As I mentioned at the end of my blog last week, my trip to Kent, WA was not just about attending Better Processing School and learning how to manufacture FDA-regulated low-acid and acidified canned foods. I also was able to squeeze in a day of culinary sightseeing in one of my favorite culinary cities: Seattle. I quickly rushed through some of the more famous spots like Pike Place Market and a Tom Douglas restaurant because I wanted to save room for a few new intrepid tastes that I had not tried before.

Even though I have been to Seattle many times, I never got to try Salumi, the retirement dream of Armandino Batali, Mario’s dad. I was excited to try the cured meat special of the day with fresh mozzarella cheese, especially after the 35-minute wait that snaked out the door as early as 11 A.M.! It was definitely worth it, and something all culinologists should experience while in Seattle. Moving on, for dessert we went to The Crumpet Shop in Pike Place. The concept is fairly simple, an English-style crumpet that you can top with whatever you want. I had mine with Nutella! I also visited Beecher’s Cheese, home of the Martha Stewart–approved “Worlds Best” mac-and-cheese. I was able to eat my truffled mac-and-cheese while watching the cheesemongers work behind a long viewing glass. The two most-unique culinary experiences I had, however, involved beverage tastings … neither of which were wine, and one that was not even alcohol.

My first tasting was at Sake Nomi, a tasting bar, shop, museum and overall shrine to high-quality, locally produced (local to Japan that is), premium Japanese sake. I walked in not knowing anything about sake and left with a plethora of knowledge on rice polishing (the more polished the rice, the more premium the sake), the steps in the brewing process, the major sake brewing regions and the health benefits. (It might prevent cancer and heart disease!) I also learned that premium sake really should be served chilled. Warming sake is only done to hide the flaws in lower-grade sakes. Sake Nomi really is a great place for a culinologist to visit, because it strives to educate the consumer on the technical and sensory attributes. I tasted all of the premium sakes on the tasting menu, and loved the way some had a rice flavor, some had a fruity flavor… and so on—just like wine!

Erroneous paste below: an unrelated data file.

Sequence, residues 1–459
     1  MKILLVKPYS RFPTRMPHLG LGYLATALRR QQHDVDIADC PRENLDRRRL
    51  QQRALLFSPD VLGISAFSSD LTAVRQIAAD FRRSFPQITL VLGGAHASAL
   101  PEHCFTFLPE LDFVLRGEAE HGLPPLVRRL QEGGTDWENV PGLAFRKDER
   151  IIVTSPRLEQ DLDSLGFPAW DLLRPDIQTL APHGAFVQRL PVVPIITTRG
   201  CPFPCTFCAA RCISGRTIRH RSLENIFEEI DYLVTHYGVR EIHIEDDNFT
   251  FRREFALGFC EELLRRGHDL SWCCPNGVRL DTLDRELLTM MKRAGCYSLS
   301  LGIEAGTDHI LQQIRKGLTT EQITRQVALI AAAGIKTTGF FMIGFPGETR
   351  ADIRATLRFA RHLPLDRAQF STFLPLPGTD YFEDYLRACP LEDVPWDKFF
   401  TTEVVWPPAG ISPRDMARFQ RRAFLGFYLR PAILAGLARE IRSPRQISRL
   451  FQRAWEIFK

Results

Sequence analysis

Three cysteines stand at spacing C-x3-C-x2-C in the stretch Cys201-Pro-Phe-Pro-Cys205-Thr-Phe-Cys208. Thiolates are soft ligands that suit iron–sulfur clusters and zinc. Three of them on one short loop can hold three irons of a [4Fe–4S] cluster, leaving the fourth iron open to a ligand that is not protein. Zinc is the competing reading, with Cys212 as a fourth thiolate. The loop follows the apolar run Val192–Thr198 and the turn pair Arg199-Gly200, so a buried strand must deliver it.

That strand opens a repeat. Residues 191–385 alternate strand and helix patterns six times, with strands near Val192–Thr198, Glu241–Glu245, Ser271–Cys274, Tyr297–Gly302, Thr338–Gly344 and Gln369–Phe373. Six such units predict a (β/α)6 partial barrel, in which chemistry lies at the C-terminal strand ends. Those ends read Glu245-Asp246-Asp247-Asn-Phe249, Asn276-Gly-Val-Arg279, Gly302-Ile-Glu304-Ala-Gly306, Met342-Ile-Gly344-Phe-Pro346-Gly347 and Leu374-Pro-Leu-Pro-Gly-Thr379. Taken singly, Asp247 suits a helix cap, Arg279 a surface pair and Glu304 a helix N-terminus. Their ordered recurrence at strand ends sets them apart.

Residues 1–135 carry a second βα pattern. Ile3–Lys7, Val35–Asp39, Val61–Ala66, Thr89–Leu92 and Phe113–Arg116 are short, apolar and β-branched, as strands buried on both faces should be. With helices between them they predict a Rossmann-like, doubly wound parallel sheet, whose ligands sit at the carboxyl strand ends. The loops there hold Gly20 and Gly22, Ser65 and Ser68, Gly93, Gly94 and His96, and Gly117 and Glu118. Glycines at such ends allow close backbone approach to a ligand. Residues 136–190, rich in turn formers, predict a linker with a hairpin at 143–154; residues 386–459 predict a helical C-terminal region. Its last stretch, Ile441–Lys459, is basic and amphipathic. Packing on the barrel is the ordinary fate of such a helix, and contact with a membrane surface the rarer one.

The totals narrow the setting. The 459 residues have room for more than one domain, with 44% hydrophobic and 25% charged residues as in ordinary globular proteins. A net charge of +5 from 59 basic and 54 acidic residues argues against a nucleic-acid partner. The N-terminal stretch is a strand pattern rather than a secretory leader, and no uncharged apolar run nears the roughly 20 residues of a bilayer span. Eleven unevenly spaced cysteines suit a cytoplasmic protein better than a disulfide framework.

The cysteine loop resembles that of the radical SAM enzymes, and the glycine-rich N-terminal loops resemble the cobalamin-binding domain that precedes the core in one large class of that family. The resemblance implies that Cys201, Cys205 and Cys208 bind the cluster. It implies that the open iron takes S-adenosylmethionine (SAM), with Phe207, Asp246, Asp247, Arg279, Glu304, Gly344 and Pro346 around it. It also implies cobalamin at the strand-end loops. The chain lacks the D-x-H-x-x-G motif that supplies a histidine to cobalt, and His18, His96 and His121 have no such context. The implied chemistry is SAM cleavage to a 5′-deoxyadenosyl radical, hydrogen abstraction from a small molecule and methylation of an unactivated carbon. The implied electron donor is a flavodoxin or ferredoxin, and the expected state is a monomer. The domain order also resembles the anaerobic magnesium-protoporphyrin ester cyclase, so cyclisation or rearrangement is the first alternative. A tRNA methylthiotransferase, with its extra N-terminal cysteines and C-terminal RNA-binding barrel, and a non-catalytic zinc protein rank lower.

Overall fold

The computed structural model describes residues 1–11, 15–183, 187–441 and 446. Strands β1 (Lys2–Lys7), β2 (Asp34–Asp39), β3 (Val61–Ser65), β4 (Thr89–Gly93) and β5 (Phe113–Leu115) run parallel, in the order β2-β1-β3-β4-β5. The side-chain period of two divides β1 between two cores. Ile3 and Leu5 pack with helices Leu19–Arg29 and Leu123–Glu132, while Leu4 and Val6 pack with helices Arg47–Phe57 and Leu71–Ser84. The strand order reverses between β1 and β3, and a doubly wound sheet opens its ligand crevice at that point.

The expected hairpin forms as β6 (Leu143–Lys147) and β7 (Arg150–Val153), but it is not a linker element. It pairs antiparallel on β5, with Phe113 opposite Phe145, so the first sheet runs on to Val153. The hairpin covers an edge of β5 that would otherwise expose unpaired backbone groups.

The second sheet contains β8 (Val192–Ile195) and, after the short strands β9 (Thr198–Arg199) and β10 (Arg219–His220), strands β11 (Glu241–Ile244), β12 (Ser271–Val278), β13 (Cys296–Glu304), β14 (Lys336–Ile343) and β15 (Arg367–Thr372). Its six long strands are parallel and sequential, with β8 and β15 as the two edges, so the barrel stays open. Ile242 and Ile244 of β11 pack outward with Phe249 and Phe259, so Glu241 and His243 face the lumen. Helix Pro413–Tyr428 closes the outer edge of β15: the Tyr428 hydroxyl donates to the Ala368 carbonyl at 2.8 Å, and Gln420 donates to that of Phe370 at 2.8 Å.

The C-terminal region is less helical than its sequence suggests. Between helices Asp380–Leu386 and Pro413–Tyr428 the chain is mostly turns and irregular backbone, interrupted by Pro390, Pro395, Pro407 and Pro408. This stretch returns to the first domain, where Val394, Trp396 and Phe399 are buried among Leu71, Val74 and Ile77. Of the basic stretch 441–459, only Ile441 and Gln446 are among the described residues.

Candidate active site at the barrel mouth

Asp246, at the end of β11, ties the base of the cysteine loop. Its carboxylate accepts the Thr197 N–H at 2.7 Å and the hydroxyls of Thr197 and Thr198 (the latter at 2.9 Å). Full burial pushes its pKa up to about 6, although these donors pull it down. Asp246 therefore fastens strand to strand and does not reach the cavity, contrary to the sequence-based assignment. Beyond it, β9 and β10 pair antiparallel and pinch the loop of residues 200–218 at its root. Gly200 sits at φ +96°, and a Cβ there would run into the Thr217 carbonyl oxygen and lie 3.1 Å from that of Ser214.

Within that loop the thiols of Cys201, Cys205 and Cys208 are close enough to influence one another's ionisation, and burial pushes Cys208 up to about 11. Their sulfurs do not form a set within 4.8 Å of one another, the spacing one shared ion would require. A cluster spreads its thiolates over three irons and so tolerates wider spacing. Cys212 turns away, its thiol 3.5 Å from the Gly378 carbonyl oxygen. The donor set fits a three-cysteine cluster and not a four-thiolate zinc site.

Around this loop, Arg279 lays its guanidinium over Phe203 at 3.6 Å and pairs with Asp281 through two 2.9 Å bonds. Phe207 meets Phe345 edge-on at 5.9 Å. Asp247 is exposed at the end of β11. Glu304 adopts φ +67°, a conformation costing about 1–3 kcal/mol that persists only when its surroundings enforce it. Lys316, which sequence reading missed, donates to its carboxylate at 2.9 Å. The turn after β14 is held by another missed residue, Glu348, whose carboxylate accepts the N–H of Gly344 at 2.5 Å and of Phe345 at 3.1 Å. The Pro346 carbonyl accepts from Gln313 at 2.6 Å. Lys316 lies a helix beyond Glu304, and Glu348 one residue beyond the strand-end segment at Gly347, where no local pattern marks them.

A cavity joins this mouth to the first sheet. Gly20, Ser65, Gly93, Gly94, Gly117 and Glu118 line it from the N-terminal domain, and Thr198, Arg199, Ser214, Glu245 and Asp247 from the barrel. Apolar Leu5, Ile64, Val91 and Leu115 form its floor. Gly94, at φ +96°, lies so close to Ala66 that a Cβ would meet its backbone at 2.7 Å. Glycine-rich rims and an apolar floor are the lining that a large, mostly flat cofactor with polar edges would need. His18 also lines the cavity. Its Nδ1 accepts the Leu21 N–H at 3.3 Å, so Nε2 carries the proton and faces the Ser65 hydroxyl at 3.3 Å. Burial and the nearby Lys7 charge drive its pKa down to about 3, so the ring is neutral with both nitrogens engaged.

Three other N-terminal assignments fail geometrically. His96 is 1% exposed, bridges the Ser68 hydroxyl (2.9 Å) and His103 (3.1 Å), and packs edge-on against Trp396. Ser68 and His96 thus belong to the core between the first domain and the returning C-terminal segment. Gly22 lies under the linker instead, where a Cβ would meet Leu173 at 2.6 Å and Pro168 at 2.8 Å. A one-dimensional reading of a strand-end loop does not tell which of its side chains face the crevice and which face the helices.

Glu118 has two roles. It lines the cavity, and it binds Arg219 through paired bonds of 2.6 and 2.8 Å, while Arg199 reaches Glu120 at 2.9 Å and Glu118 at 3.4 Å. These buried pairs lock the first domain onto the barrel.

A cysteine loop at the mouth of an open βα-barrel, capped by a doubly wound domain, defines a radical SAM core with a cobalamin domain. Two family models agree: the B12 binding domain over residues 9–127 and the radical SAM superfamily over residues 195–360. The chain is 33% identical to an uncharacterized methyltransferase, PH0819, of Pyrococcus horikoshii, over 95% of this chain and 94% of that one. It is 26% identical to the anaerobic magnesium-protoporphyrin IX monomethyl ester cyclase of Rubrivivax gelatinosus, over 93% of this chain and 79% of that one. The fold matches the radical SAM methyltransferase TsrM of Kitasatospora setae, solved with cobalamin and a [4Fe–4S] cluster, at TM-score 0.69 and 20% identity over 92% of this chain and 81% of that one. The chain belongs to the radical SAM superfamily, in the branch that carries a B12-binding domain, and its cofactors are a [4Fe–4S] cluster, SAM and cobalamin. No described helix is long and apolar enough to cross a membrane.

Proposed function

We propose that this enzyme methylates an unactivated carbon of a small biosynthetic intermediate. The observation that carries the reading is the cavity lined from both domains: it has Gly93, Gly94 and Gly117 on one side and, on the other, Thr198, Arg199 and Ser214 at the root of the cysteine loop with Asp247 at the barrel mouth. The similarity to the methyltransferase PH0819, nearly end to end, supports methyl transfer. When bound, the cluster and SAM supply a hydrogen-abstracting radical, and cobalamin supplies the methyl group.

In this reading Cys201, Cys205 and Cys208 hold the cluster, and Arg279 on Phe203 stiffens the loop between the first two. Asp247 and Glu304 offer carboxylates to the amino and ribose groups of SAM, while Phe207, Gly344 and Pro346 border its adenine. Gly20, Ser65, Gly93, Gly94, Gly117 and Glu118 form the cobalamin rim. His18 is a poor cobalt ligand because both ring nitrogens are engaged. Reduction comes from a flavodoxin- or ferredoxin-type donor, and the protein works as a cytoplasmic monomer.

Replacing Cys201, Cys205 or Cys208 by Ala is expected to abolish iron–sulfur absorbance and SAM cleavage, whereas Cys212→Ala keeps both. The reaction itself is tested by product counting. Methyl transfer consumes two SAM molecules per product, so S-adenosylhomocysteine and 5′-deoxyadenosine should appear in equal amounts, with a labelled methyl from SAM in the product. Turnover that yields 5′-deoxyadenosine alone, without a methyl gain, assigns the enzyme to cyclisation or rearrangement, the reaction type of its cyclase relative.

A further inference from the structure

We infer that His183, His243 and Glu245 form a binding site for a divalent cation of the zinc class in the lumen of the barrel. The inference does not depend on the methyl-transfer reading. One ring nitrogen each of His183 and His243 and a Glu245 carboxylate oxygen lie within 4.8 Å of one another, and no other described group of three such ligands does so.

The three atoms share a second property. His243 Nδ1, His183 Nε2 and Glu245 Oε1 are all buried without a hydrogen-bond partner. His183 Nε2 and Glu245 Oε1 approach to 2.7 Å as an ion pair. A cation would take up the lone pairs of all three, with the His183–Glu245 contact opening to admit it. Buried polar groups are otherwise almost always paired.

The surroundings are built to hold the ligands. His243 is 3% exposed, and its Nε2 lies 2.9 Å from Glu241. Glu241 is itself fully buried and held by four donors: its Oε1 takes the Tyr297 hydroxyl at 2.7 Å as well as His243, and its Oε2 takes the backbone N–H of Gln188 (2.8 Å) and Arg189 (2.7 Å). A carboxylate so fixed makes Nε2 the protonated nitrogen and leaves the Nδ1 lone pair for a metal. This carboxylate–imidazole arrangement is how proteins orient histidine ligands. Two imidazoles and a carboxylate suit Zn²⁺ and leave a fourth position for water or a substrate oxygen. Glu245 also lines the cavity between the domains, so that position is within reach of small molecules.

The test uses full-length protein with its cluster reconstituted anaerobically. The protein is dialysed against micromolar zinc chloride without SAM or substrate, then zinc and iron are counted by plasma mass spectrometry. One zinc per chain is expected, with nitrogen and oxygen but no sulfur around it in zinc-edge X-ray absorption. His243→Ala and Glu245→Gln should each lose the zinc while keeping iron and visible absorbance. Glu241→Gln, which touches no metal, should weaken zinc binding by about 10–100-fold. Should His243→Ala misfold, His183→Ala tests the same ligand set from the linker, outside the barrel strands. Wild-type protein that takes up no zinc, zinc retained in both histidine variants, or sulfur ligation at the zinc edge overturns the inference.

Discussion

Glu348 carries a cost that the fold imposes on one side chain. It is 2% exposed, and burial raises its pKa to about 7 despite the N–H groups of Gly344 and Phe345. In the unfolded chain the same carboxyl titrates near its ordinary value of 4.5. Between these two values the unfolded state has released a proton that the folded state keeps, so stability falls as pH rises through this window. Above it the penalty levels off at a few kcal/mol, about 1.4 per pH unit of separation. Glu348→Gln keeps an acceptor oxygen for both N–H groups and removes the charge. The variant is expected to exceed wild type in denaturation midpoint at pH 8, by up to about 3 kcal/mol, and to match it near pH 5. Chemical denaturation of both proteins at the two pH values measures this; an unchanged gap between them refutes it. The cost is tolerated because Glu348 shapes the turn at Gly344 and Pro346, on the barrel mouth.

My second beverage tasting was a nonalcoholic tasting. Dry Soda is a “modern alternative in refreshment.” Their all-natural sodas are flavored with fruit, flowers and herb extracts. I loved visiting their tasting room, which was set up just like a wine tasting room straight out of Napa Valley. Our drinks were even served in champagne glasses to complement the bubbly beverage. The “Dry” in the company name refers to the fact that the beverage is “less sweet,” but before I read that on their website, I actually thought they meant dry as in “alcohol-free,” since they market themselves as a modern alternative refreshment (I assumed an alternative to alcohol). I will now readily admit, I am not a person who likes to drink lots of alcohol (it’s really true, I don’t!), so I was very happy to discover this “dry beverage” that can be paired with food the same way wine can. I guess James Beard–nominated Chef David Kinch, owner of Manresa agrees, because he was selling them for $7 dollars each at the restaurant, paired with his California contemporary cuisine.

What non-wine, non-beer tastings have you experienced lately? It’s exciting to see the wine tasting trend extend into other beverages. Why should wine drinkers get to have all the fun?

About Rachel Zemser